And thus, on a memory of old controversies, the story of the church ends at the door, leading us back into the world, reminded of the great events of our faith.
The four windows in the chapel sanctuary are the Gospelers: St. Matthew, St. Mark, St. Luke, and St. John. The small window in the nave of the chapel is St. Mary Star of the Sea. It is signed along the bottom (using a diamond stylus) Earl E. Sanborn. While we have letters and bills for the Heaton, Butler and Bayne windows in the church, we have not found any correspondence about the chapels windows, but based on the stylistic differences and the difference in the time of their design and installation, we feel that all five of theses windows were probably done by the same artist, and that that artist was Earl Edward Sanborn. –
Sanborn was from New Hampshire. He studied at the School of the Museum of Fine Arts in Boston, then worked with the Boston firm of Charles J. Connick before opening his own studio first in Boston and then in Annisquam. He designed windows for the chapel of Trinity College, Hartford, and some of the first windows in the choir of the Washington Cathedral. He dies in 1937, not long after the chapels windows were installed.
The four Gospelers are placed like statues against a gray background resembling a stone niche or a quilted tapestry. This is the style that Cram was advocating: not a picture window as he called it, but a translucent piece of the architectural fabric. In Sanborn’s career at the Washington cathedral in would be involved in a controversy about the amount of gray or silver in windows. The fashion was by the late 1930s moving away from muted grays towards the brilliant colors of windows such as the magnificent ones in the Spanish cathedral of Leon. –
All but St. John carry a book that refers to their Gospels; St John carries the cup with a serpent that was used as his symbol in reference to a tradition that there had been an attempt to poison him. Also, in contrast to the others, John is depicted as young, in reference to his status as the beloved disciple who fell asleep at the Last Supper.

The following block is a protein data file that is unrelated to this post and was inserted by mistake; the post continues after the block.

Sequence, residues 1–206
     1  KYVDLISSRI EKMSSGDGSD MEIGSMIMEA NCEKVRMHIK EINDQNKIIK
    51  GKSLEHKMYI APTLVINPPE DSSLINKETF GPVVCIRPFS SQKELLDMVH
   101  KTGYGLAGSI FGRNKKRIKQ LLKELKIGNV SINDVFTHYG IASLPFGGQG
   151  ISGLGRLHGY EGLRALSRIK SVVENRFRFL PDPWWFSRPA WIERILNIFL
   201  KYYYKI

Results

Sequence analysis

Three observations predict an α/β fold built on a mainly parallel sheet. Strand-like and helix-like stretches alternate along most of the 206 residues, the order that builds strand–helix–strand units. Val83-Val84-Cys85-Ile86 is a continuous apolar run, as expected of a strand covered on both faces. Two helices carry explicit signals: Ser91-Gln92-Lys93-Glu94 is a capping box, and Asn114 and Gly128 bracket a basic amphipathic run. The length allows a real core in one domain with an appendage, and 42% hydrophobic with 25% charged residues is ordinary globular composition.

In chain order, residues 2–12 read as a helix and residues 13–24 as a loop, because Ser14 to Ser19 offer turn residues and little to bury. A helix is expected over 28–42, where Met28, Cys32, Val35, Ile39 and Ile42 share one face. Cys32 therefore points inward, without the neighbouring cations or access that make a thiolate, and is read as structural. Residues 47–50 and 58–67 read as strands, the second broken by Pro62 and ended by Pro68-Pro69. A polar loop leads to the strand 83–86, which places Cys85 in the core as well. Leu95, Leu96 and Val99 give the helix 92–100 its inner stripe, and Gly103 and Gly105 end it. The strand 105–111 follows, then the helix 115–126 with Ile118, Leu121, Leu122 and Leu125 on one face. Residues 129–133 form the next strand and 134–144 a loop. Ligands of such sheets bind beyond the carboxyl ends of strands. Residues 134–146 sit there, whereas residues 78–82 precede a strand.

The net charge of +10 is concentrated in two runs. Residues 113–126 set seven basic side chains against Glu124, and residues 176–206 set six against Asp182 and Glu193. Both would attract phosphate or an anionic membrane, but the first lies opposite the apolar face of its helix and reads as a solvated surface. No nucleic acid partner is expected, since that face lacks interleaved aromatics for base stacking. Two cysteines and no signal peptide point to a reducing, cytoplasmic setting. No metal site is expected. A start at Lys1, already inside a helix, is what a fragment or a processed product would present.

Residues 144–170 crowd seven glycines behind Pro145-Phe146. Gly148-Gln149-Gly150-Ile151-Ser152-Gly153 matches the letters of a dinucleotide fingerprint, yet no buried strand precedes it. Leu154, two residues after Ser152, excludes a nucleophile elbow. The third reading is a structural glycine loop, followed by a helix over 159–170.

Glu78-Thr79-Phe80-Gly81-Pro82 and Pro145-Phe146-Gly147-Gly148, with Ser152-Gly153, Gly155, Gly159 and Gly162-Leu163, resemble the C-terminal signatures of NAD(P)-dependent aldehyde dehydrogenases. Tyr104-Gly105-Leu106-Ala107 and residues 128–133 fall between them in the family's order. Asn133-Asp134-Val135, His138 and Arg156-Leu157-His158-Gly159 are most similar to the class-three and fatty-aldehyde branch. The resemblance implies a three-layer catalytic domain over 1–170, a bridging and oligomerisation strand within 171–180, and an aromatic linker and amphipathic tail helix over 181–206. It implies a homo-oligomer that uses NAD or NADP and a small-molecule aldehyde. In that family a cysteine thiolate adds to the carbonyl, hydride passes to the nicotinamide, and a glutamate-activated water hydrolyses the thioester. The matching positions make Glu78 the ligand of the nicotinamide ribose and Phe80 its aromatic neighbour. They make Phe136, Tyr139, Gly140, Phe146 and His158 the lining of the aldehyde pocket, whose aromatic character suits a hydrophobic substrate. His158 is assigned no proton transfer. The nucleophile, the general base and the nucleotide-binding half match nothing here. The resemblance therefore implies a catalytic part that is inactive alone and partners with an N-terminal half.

The last window in the chapel is in a deep embrasure in the base of the bell tower wall. It depicts Mary on a stormy ocean between a ship and the lee shore towards which the storm is driving it. In the sky is a bright star. The image clearly depicts the medieval Latin hymn Ave Maris Stella (Hail, thou Star of Ocean.) –
The hymn goes back at least to a manuscript of the ninth century founded in the Irish-found Swiss monastery of St Gall. It has been wrongly to St. Bernard and also, without sufficient authority, to St. Venantius Fortunatus (d. 609), author of Pange Linguax and Hail Thee, Festival Day. Its frequent occurrence in the Divine Office made it most popular in the Middle Ages, many other hymns being founded upon it. The tune has been adapted as the Acadian National Anthem, and the association of Mary with the sea made the image an appropriate choice for Camden and for the chapel, whose carved reredos depicts Christ calming the sea. –
The presence in the chapel of a window dedicated solely to the Virgin suggests that Father Hayden might have had the idea of a Lady Chapel in mind, but did not want to be explicit about his intentions. –
And finally there is the angel with the trumpet, high up under the roof of the nave above the Sermon on the Mount. This little window is similar to those designed by the greatest of the preraphaelite painters Edward Burne-Jones, the close associate of William Morris and John Ruskin. A drawing even more closely resembling the Burne-Jones angel hangs in the Parish house.